Persona development simply increases the chances of software development success. Here’s a quick breakdown of how to create a data-driven persona.
4 minute read
Time is rarely on anyone’s side, as software developers are often reminded. Almost any development team, as you well know, will be tasked with the responsibility of delivering solutions on such a tight timeline that certain “essentials” sometimes fall to the wayside. And being so close to the product can leave many executives, leadership teams, and product development teams feeling a bit overconfident in their grasp of what customers want—without actually ever trying to understand customer needs.
Though this should go without saying, it’s of utmost importance that a team building a product “get” the customer. In fact, they should be the ones directly interacting with end users frequently to arrive at a first-hand understanding of customer needs. If done any other way, such as by building endless features for potential sales contracts you’re trying to land, you risk a misalignment between assumption and reality. This doesn’t just run the risk of wasting resources if the features go unsold or unused but can also lead to poor product performance due to mistranslations of needs and wants, which equates to poor business outcomes—if not damage to company reputation.
The answer to this problem can often be found in persona development. Personas in software development are much like personas in any other industry but with more emphasis on behavior drivers and less on demographics and psychographics. Users with varying levels of income still navigate a checkout similarly; they just may choose different products to buy. If you don’t have a shared understanding of customer needs and what drives these behaviors, it’s like throwing spaghetti at the wall. You never know what’ll stick.
The Data-Driven Persona Development Process
Fortunately, the persona development process is lightweight, nimble, and relatively easy to implement. It’s also never been easier or cheaper to gather persona data than it is today. Any time spent on the process will actually end up saving many multipliers of time, money, and resources later on in development. There’s just no excuse not to spend the time understanding and continuing to understand your customers. It all starts with knowing what persona data to care about when it comes to software development to craft personas and grow your understanding of customer needs from a variety of perspectives. These personas aren’t market segments with lifestyle habits typically used in marketing. For software development, personas focus on functionality, behaviors, and emotions, along with the customer experience with our product or service. Here’s a quick breakdown of how to create a data-driven persona in software development:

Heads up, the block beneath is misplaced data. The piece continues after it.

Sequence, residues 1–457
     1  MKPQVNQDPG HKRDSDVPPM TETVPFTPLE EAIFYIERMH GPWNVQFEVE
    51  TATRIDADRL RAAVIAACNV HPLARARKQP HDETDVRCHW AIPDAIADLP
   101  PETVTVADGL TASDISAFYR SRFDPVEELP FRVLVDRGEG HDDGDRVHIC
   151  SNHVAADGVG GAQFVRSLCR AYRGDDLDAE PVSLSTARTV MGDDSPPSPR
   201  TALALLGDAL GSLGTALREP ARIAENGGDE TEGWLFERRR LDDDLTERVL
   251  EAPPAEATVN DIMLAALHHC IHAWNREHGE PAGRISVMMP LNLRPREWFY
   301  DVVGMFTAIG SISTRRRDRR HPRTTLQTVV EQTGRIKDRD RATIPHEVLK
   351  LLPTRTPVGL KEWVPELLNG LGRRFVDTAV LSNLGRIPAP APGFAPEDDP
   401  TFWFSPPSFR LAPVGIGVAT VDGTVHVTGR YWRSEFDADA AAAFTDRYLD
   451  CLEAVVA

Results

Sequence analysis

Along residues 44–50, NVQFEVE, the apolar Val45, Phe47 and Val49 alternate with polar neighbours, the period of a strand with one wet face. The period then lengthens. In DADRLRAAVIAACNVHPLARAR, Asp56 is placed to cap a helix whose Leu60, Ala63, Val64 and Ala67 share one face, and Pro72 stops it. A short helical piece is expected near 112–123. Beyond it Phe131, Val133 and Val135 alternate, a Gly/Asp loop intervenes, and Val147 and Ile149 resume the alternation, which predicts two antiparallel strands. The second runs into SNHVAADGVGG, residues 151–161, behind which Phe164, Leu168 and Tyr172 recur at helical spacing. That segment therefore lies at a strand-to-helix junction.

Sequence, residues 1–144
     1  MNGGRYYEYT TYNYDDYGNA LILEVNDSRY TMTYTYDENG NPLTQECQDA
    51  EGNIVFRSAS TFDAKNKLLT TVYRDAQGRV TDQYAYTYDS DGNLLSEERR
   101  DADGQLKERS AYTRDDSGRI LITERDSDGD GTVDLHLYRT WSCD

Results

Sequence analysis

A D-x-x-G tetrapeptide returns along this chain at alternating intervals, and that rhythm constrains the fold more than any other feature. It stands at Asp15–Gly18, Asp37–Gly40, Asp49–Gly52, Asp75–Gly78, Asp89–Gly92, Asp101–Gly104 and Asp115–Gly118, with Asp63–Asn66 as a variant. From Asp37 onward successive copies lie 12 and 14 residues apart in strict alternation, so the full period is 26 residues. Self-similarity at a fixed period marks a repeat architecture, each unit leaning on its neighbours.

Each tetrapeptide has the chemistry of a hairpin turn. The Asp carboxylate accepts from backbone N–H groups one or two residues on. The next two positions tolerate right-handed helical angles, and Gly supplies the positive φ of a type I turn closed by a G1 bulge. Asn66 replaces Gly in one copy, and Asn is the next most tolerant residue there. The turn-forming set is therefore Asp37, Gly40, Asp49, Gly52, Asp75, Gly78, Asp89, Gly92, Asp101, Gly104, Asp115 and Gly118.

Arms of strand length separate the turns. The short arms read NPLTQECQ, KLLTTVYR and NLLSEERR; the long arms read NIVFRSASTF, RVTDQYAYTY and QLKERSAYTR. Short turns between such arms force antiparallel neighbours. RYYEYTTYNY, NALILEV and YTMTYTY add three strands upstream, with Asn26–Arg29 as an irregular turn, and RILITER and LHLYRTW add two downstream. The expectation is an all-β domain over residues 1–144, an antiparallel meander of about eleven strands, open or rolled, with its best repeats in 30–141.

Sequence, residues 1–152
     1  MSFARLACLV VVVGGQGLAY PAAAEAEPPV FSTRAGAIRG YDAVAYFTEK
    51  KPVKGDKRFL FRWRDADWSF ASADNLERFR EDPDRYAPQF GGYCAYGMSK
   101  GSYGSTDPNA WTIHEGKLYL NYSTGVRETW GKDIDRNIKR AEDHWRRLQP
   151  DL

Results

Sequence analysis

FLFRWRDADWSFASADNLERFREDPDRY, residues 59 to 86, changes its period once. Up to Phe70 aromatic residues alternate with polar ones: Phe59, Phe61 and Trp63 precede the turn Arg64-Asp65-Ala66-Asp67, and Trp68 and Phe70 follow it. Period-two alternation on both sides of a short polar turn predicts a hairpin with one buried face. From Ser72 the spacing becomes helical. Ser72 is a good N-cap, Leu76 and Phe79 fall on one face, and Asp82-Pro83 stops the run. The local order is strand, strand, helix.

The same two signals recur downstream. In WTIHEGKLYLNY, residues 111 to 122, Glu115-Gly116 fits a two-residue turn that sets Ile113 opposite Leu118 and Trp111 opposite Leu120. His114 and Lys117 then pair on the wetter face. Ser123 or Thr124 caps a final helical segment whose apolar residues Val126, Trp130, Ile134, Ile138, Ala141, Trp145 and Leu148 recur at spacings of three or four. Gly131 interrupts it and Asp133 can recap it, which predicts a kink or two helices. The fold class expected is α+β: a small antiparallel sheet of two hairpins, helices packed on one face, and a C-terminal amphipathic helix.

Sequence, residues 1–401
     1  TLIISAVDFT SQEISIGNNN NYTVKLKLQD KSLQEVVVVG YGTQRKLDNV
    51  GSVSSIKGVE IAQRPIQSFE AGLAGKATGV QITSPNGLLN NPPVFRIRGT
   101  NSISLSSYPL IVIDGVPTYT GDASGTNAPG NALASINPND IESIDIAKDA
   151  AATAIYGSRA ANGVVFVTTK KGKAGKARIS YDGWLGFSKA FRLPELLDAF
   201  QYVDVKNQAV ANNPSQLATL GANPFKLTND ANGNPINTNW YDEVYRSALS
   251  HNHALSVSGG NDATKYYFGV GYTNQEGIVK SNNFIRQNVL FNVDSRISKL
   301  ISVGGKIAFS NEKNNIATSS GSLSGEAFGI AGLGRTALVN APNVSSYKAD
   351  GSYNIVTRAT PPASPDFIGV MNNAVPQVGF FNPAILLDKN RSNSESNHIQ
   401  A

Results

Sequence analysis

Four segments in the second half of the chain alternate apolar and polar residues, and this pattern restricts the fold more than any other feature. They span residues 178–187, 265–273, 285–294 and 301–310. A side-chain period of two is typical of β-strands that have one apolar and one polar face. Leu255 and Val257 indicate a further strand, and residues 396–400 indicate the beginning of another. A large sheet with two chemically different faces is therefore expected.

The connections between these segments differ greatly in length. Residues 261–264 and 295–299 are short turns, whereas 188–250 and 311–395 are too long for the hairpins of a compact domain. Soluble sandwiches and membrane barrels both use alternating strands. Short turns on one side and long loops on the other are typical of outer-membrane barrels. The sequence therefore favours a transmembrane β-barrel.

1. Visualize what you think you know about customers. At Synapse, we employ a tool known as the value proposition canvas. It allows us to explore our assumptions about customers by delving into their pains, gains, and jobs-to-be-done, and tying it back to our client’s value drivers. One area of the value proposition canvas centers on the important concept of Jobs Theory, which visualizes our understanding of the jobs customers hire our product or service for in order to realize value. Think of it as dissecting your promise to consumers into its distinct parts to drive strategies toward allowing customers to realize the gain creators and pain alleviators our product or service offers. These parts are then used to craft dynamic customer profiles representative of these segments and their distinct functional and behavioral needs.